ONLINE EXTRA: Project 2061 Promotes Science Literacy for All
MARY KOPPAL (email@example.com) is the communications director and JO ELLEN ROSEMAN (firstname.lastname@example.org) is the director of AAAS Project 2061, American Association for the Advancement of Science, Washington, DC.
Project 2061 is a long-term initiative of the American Association for the Advancement of Science (AAAS) to help all Americans become literate in science, mathematics, and technology. AAAS launched Project 2061 in 1985, the same year that Halley's Comet was last visible from Earth. Since then the world has seen incredible advances in science and technology that have transformed the way we work and live. Children starting school now will see the return of the comet in 2061. What kind of education will they need to prepare them for a future in which science and technology continue to shape the world in ways that we cannot predict?
Helping the nation answer this question has been the focus of Project 2061's work over the past three decades. Its research and development efforts have provided educators, researchers, and policymakers with tools, resources, and services they can use to make critical and lasting improvements in science education. According to Project 2061's director, Jo Ellen Roseman, the need for such change is urgent. "There is considerable evidence to show that most Americans have not been adequately prepared in science," she said. What is needed is "for more people to understand not just key science concepts such as natural selection or the conservation and transformation of energy, for example, but also to understand the nature of science, the importance of evidence in scientific argument, and the kinds of questions science can and cannot address. All of these ideas are at the core of what it means to be science literate."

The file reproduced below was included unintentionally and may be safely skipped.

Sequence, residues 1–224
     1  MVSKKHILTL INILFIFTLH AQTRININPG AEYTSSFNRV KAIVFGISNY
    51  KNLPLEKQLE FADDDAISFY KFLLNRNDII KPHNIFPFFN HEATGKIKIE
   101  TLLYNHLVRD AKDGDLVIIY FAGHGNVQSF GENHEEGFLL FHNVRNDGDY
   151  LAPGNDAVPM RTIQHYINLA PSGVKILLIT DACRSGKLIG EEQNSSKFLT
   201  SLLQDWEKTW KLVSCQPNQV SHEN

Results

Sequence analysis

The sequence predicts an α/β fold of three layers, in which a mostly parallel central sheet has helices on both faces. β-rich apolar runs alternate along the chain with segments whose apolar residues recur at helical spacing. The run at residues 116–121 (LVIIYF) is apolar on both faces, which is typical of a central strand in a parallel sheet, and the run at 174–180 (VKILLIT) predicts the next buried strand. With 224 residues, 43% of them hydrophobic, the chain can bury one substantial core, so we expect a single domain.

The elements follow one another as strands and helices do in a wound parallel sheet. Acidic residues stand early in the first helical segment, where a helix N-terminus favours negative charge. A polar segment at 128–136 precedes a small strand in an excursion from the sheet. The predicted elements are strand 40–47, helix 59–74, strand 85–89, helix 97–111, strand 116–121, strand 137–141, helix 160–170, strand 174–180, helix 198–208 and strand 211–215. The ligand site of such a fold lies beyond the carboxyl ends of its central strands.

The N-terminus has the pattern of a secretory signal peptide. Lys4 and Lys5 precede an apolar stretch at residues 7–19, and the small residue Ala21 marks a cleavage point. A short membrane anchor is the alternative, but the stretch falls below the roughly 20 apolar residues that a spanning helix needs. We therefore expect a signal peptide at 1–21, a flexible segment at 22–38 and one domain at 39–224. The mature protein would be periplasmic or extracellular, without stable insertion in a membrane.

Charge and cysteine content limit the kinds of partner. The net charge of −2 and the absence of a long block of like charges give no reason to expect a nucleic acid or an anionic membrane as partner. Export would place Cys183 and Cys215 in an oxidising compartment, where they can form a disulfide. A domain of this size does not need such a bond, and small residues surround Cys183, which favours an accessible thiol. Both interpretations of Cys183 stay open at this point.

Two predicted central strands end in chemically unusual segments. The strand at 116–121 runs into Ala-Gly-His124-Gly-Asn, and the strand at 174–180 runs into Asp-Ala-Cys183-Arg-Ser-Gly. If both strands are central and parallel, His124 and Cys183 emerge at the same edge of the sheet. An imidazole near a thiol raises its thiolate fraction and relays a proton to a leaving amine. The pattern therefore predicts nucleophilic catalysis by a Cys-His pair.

Used together, these Project 2061 resources can help educators consider how to convey core science concepts and practices to students while also building their own knowledge of science and of how students learn. For example, Project 2061 has assembled guides for teaching important topics—evolution, global climate change, and the nature of science—that provide relevant excerpts and information from across its set of resources and elsewhere. The guides describe what science literate adults should know and what should be taught at each grade level for each of these topics, display strand maps to illustrate connections among the ideas and how that knowledge might develop as students move from kindergarten through high school, and, in some cases, provide sample test questions for assessing students' knowledge. And for those who are interested in further exploration of these topics, the guides also suggest highly recommended trade books and websites. The guides are available for downloading at http://www.project2061.org/publications/TeachingGuides.htm.
Project 2061 continues to explore how best to promote science literacy for all through its program of research and development. With a focus on the curriculum and assessment materials that are used in the classroom, Project 2061 researchers are active in the following areas.